ANRS VISCONTI: to improve understanding of the HIV control mechanisms in “post-treatment controllers”

The “post-treatment controllers” whose samples were used for this research are part of the VISCONTI (Viro-Immunological Sustained COntrol after Treatment Interruption) study, coordinated by Dr. Asier Sáez-Cirión (Institut Pasteur) and Dr. Laurent Hocqueloux (Orleans Regional Hospital) and supported by ANRS for several years. This is the largest cohort of long-term “post-treatment controllers”.

It includes 30 patients who had received early treatment that was maintained for several years. Upon interruption of their antiretroviral therapy, they are able to control their viremia for a period exceeding 20 years in some cases. VISCONTI therefore provides the proof of concept of a possible and sustained state of remission for HIV-1-infected patients. It has paved the way for the development of novel therapies that target remission from the infection – if not its eradication. The objective is to enable people living with HIV-1 to stop their antiretroviral treatment on a lasting basis, while maintaining viremia at the lowest level and avoiding the risk of transmission of the virus.

Older Adults: Understanding and Preventing Barriers to an Active Lifestyle

© Fotolia

To prevent older adults from settling into an unhealthy sedentary lifestyle, public health policies have been implemented to promote physical activity, which is essential for maintaining good health. Researchers from Inserm and Université Paris Cité within the Center for Research in Epidemiology and Statistics have studied the impact of individual sociodemographic, behavioral and health factors on the practice of daily physical activity in later life, using data from 3,896 participants of the Whitehall II cohort. This research, published in JAMA Network Open, highlights the complexity of individual barriers to an active lifestyle among older adults and suggests that this complexity should be better taken into account when redefining public health policies.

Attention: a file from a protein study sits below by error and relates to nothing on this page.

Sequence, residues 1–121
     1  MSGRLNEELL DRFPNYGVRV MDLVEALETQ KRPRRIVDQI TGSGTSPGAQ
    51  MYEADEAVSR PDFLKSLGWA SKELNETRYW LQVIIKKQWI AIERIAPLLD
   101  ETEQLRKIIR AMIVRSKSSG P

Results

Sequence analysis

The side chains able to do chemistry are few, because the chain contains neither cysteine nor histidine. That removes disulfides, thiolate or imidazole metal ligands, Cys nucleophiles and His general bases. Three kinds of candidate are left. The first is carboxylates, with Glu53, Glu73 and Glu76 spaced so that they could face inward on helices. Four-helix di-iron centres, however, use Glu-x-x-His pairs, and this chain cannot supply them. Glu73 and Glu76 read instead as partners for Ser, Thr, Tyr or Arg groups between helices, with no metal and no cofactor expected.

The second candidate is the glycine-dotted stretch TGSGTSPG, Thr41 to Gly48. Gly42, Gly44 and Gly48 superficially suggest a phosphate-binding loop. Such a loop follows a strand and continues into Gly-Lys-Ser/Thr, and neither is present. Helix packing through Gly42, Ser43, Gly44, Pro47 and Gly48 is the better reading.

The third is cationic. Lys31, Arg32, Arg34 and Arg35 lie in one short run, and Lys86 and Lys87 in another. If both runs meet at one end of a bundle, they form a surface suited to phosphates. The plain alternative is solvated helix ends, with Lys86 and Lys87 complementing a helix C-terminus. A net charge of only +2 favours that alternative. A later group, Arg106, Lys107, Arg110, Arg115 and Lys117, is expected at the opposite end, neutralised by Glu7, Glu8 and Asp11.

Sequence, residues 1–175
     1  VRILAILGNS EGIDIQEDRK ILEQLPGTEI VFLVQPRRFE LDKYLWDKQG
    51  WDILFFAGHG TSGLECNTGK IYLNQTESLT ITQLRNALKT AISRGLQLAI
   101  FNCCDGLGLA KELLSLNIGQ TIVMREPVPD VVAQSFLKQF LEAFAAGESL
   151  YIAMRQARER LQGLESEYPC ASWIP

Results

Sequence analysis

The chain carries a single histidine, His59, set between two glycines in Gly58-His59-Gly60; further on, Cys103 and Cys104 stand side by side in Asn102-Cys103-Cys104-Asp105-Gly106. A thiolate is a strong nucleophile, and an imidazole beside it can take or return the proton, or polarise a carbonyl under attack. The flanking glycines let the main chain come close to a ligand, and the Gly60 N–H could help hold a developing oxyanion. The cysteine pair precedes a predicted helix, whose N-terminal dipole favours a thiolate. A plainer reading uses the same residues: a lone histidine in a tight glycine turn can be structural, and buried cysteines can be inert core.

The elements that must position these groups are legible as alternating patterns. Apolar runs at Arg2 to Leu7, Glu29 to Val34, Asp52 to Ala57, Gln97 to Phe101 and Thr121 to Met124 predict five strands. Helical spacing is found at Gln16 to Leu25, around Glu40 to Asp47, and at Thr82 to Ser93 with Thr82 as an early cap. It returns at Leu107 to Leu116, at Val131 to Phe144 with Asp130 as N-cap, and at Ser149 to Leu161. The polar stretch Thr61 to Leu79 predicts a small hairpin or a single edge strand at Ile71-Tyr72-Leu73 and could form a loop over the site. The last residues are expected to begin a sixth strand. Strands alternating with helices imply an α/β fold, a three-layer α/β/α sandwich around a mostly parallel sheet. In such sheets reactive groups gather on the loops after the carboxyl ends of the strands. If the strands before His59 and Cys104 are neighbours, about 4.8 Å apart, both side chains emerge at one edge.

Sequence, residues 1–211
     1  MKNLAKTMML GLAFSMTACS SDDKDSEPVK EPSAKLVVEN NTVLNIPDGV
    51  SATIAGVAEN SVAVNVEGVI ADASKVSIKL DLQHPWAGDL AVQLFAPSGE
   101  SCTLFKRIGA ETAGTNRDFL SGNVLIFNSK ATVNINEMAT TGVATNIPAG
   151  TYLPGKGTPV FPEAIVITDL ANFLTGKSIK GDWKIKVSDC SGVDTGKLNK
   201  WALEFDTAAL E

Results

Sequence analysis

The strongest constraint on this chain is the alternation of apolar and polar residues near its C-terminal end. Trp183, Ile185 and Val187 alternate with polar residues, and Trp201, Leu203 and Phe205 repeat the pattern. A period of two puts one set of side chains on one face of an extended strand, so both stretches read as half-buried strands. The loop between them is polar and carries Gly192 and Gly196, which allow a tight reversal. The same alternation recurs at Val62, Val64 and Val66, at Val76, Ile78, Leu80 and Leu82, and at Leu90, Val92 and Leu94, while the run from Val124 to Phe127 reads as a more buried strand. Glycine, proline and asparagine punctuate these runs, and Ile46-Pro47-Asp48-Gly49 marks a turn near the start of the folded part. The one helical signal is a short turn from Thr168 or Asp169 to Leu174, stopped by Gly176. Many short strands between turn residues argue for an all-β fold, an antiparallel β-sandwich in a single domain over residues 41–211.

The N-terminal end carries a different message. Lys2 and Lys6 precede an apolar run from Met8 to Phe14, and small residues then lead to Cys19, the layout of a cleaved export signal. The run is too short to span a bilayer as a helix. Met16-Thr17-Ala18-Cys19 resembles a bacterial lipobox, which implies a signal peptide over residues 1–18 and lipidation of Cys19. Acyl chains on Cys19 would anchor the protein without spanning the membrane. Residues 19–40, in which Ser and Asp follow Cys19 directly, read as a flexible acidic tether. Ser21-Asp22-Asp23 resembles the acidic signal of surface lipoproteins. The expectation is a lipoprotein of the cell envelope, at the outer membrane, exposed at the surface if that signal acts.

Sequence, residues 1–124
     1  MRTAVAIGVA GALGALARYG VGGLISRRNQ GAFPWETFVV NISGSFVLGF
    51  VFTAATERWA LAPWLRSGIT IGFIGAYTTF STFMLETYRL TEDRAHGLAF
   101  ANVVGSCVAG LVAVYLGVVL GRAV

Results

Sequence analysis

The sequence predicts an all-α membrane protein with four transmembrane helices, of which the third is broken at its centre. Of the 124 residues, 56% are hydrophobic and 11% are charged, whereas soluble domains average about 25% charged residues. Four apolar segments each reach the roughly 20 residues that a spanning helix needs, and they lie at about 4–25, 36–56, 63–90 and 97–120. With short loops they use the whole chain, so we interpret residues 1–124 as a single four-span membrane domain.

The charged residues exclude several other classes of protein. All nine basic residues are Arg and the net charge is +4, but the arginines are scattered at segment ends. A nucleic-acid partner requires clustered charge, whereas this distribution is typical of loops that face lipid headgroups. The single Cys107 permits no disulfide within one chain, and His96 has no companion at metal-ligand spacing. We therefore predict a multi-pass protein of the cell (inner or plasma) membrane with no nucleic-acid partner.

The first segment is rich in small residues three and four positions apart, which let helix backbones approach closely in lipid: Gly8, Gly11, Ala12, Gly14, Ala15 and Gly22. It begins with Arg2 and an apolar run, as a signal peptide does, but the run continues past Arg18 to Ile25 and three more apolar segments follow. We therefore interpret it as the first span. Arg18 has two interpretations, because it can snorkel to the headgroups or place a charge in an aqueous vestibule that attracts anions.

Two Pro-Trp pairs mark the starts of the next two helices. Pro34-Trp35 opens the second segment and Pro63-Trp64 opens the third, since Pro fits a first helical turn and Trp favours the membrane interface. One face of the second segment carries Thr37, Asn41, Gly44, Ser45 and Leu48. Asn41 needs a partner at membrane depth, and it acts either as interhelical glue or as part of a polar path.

By maintaining many essential functions that prevent chronic disease and mortality, physical activity is one of the keys to healthy aging. Although it is currently recommended to do 21 minutes of moderate to intense physical activity per day and reduce the amount of time spent sitting (being sedentary), few people actually follow this advice – especially older adults. In addition, public health messages aimed at older adults take little account of individual factors, whether environmental or personal, that may limit the adoption of an active lifestyle.

A team led by Séverine Sabia, Inserm researcher at the Center for Research in Epidemiology and Statistics (Inserm/Université Paris Cité), studied the factors that influence physical activity and sedentary behavior in later life.